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Bethesda woman among those rescued by 'British Schindler' | News

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Bethesda woman among those rescued by 'British Schindler'

BETHESDA, Md. (WUSA9) -- A Bethesda woman is among the more than 600 children rescued during WWII by Nicholas Winton, who is best known as the "British Schindler".

In 1939, Alice Masters was a teenager living in a small then-Czechoslovakian town with her parents and two sisters.

"In the winter we skated and skied. We had a wonderful childhood. It was a village life, and I loved everything about it," Masters said.

But Hitler's army was steadily making its way into Europe. In Germany, his men had already carried out deadly attacks on Jewish homes and businesses –Masters' family was Jewish. Her parents were worried, but one of Masters' uncles, who was living in London, told them about a man named Nicholas Winton, who had something to do with getting children from Prague to London.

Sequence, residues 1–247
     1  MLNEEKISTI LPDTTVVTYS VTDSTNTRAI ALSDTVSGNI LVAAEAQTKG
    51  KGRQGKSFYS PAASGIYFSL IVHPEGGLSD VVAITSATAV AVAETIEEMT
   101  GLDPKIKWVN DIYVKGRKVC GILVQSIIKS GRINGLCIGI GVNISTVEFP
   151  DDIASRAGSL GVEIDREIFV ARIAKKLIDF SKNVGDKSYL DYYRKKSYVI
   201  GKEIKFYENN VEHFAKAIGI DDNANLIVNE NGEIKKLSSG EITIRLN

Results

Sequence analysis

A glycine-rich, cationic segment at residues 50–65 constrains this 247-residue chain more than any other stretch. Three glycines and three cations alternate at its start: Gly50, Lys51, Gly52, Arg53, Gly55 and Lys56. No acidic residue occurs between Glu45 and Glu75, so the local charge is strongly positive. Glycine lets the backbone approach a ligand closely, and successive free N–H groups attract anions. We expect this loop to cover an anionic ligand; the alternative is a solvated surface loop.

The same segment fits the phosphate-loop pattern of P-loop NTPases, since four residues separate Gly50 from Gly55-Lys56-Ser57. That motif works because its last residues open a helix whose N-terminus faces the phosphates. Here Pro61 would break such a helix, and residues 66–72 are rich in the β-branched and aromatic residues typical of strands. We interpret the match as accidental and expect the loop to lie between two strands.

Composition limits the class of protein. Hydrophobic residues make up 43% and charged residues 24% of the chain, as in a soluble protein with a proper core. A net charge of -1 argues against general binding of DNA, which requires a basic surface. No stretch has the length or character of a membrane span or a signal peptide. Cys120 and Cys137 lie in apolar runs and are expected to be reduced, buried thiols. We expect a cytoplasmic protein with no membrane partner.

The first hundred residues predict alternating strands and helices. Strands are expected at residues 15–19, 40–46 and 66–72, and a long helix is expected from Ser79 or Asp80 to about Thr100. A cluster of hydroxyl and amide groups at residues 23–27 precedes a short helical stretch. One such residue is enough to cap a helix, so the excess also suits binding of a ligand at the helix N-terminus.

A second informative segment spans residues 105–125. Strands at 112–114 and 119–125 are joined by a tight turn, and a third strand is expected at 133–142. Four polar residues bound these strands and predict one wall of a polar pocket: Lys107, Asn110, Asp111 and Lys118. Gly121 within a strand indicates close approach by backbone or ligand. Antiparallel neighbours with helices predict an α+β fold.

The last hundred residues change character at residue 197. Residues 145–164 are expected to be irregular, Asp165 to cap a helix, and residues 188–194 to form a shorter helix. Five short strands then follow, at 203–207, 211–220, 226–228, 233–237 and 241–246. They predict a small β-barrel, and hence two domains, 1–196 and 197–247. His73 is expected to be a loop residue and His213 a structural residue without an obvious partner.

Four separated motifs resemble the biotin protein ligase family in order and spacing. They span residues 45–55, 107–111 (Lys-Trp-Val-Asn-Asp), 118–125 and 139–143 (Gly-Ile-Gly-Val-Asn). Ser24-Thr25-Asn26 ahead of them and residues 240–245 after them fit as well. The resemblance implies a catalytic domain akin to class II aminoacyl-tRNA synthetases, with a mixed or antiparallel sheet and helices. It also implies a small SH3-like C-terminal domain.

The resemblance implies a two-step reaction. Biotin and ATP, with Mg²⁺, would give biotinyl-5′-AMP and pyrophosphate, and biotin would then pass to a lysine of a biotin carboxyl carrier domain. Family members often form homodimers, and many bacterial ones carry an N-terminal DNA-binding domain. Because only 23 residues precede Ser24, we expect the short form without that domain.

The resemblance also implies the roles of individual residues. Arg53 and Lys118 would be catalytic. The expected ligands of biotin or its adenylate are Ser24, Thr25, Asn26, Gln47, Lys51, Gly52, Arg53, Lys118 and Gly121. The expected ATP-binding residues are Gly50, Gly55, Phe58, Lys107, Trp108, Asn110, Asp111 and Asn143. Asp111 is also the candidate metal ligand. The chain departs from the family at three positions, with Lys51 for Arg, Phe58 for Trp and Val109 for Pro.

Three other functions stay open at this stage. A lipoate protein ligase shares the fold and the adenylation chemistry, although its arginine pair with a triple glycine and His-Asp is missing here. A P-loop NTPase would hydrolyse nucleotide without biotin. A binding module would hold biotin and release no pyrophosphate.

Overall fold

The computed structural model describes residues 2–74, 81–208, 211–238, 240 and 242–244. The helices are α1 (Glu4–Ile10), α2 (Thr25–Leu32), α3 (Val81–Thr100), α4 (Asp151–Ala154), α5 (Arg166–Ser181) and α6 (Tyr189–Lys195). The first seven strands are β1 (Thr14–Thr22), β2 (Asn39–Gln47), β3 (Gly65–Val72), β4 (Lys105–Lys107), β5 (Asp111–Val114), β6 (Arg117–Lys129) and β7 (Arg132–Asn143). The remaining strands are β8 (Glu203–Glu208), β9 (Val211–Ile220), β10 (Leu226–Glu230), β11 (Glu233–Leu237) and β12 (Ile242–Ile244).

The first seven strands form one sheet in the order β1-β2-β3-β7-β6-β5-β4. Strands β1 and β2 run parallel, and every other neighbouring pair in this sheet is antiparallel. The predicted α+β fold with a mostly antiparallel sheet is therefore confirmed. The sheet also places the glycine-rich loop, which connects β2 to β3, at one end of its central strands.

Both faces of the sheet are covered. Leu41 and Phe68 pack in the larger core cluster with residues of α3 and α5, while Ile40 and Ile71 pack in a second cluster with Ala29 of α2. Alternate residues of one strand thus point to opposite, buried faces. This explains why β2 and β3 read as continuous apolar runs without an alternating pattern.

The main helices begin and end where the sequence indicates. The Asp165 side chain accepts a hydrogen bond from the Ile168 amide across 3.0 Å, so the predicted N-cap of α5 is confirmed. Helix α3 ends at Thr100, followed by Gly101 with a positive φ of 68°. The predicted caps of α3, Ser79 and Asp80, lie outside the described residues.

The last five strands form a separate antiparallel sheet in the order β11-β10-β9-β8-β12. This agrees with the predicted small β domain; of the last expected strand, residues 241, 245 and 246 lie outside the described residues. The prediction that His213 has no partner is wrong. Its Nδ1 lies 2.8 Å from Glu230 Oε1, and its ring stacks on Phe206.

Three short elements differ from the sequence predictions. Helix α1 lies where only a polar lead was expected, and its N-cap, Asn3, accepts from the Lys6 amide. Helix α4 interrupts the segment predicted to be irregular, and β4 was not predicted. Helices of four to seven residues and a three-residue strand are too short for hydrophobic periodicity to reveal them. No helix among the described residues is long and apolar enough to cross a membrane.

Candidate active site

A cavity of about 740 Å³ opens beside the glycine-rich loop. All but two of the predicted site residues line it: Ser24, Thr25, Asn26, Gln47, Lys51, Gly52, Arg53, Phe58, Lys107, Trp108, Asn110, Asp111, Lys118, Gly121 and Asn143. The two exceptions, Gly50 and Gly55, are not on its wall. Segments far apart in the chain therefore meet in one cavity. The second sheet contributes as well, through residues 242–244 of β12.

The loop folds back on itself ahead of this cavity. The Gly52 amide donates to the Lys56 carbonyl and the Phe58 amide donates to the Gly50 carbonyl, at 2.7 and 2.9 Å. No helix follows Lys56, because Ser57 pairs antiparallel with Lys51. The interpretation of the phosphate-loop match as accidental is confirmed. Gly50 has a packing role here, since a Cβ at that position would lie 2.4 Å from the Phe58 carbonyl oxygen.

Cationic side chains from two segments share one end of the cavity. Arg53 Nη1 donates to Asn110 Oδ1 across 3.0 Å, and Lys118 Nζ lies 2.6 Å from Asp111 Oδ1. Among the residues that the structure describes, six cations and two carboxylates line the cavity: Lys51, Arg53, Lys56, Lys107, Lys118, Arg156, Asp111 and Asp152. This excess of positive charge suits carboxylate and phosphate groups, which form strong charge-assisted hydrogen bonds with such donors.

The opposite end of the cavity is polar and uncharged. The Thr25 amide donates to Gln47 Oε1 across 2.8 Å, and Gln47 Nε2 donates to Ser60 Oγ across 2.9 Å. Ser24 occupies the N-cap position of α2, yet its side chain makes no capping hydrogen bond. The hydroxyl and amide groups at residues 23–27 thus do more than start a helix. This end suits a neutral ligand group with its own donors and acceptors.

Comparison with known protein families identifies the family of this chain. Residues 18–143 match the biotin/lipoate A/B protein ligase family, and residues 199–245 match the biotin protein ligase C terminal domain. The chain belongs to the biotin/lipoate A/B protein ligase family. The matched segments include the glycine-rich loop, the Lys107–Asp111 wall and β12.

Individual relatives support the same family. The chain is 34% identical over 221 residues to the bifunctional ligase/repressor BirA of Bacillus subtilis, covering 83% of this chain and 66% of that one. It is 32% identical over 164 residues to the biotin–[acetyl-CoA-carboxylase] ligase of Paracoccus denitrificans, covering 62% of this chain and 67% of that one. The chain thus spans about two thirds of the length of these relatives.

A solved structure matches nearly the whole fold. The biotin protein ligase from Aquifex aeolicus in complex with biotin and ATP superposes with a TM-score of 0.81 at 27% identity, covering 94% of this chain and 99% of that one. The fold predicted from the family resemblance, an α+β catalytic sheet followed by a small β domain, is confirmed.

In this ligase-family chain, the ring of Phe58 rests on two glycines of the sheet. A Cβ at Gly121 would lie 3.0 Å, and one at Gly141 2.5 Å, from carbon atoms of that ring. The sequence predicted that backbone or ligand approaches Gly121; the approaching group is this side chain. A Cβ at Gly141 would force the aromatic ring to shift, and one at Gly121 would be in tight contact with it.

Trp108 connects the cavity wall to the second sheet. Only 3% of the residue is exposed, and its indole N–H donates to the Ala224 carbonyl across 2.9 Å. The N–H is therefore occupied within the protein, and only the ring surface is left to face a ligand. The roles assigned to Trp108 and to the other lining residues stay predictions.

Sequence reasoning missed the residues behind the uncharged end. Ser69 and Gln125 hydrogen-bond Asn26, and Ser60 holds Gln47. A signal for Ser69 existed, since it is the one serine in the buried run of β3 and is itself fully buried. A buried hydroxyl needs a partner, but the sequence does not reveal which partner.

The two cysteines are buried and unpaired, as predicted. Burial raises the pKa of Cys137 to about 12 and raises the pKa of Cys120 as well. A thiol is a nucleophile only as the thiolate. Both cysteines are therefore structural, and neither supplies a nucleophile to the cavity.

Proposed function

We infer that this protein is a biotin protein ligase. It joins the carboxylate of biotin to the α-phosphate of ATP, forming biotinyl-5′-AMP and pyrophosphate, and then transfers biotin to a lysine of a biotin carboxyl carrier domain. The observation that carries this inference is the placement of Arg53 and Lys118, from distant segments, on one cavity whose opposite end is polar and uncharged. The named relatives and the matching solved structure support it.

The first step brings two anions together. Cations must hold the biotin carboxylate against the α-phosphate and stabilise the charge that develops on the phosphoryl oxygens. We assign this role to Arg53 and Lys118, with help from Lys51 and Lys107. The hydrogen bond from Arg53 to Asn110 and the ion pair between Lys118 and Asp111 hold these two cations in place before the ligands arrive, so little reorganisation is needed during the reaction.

"He wrote to my parents and told them, that I think they should try to get out but if they can't all get out at least they should send the children," Masters said.

That's what they did. Her family traveled from their small town to Prague and on July 1, 1939 Alice Masters and her two sisters were sent away.

Her mother made her dresses for the trip in different sizes, in case her girls grew while they were away.

Fifty years after the war ended, Masters learned who Winton was

"It was very emotional, and a big shock to tell you the truth," Masters said.

Winton – a British stockbrocker, just shy of his 30th birthday, organized the transport that saved Masters and her sisters. He organized seven other transports, saving 669 Czechoslovakian children from the Nazis. According to the Holocaust Memorial Museum, Winton initially planned these without any approval from the British government. He gathered names of children in Prague– then he went back to London to get the documents and money to bring those children to Britain. But he didn't really tell anyone about it and most of the public didn't know his name until he appeared on the BBC program 1988.

Now one of the people he saved -- lives in Bethesda and has 7 grandchildren…

"It's amazing. All these people wouldn't be here, if it weren't for Nicky Winton, there are just no words," Masters said.

Winton, who passed away Wednesday, was supposed to go on a ski trip that summer, instead a friend convinced him to go to Prague – and that's when he started collect names of children who needed to flee.

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